Alex John London
The Hastings Center Report
Volume49, Issue1, January/February 2019, Pages 15-21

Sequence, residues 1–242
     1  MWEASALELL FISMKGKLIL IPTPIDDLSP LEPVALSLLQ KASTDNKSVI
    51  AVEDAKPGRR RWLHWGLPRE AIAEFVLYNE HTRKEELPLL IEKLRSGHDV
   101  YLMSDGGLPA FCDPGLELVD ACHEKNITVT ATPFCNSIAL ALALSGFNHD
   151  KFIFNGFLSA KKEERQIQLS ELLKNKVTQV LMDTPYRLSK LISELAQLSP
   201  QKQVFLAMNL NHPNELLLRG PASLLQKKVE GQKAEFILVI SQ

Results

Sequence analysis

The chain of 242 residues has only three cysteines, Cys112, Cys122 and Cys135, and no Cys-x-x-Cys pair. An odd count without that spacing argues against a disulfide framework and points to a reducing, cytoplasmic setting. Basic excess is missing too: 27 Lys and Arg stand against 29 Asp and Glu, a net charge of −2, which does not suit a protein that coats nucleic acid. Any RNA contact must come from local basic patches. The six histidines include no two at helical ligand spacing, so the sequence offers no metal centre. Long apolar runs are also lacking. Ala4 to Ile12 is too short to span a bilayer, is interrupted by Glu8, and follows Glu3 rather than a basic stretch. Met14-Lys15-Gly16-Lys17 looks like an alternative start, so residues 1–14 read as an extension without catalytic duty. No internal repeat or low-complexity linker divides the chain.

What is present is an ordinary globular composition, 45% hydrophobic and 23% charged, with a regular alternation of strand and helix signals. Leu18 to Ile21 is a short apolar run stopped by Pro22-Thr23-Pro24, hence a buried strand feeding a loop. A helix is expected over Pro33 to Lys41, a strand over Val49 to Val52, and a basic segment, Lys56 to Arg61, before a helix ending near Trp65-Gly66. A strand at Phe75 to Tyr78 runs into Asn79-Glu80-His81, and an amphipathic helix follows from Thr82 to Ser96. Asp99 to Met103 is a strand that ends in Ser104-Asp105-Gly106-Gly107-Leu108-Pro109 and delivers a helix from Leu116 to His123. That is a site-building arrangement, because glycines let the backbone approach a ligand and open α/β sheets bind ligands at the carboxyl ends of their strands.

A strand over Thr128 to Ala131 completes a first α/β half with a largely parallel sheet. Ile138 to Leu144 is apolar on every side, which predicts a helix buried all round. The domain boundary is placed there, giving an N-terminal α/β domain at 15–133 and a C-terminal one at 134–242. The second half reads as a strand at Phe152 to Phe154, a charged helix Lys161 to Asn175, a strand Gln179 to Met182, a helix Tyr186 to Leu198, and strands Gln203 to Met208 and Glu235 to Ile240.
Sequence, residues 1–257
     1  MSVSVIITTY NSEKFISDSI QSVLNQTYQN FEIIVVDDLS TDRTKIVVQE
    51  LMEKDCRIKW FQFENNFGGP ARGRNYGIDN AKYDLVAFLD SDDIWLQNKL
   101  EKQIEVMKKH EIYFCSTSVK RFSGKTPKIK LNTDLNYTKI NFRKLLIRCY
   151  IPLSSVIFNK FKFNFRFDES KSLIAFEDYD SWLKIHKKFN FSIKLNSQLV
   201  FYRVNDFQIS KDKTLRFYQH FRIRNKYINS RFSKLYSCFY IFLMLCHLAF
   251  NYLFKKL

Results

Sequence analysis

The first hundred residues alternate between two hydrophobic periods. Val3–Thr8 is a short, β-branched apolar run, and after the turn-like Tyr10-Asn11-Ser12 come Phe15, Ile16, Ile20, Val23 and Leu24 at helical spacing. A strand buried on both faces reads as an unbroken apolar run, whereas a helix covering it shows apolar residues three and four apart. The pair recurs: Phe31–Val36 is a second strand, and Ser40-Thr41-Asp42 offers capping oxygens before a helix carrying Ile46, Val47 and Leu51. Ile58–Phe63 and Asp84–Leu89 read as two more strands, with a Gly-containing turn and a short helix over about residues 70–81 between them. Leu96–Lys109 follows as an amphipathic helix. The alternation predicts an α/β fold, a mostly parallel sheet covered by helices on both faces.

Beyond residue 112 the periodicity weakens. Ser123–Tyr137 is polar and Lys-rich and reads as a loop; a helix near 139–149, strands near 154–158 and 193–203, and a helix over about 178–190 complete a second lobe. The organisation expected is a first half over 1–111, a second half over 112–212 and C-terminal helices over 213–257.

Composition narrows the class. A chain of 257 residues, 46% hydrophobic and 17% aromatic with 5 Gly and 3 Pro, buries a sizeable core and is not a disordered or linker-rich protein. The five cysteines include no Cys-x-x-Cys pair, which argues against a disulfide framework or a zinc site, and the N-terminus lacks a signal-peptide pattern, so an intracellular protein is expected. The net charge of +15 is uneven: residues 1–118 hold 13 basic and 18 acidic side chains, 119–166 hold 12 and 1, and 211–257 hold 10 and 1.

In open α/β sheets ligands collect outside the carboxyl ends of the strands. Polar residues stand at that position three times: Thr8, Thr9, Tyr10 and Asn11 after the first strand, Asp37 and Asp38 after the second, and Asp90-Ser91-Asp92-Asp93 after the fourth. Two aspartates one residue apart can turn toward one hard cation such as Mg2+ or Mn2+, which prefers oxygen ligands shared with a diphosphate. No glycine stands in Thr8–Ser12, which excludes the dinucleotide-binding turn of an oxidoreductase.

Although decision‐making algorithms are not new to medicine, the availability of vast stores of medical data, gains in computing power, and breakthroughs in machine learning are accelerating the pace of their development, expanding the range of questions they can address, and increasing their predictive power. In many cases, however, the most powerful machine learning techniques purchase diagnostic or predictive accuracy at the expense of our ability to access “the knowledge within the machine.” Without an explanation in terms of reasons or a rationale for particular decisions in individual cases, some commentators regard ceding medical decision‐making to black box systems as contravening the profound moral responsibilities of clinicians. I argue, however, that opaque decisions are more common in medicine than critics realize. Moreover, as Aristotle noted over two millennia ago, when our knowledge of causal systems is incomplete and precarious—as it often is in medicine—the ability to explain how results are produced can be less important than the ability to produce such results and empirically verify their accuracy.
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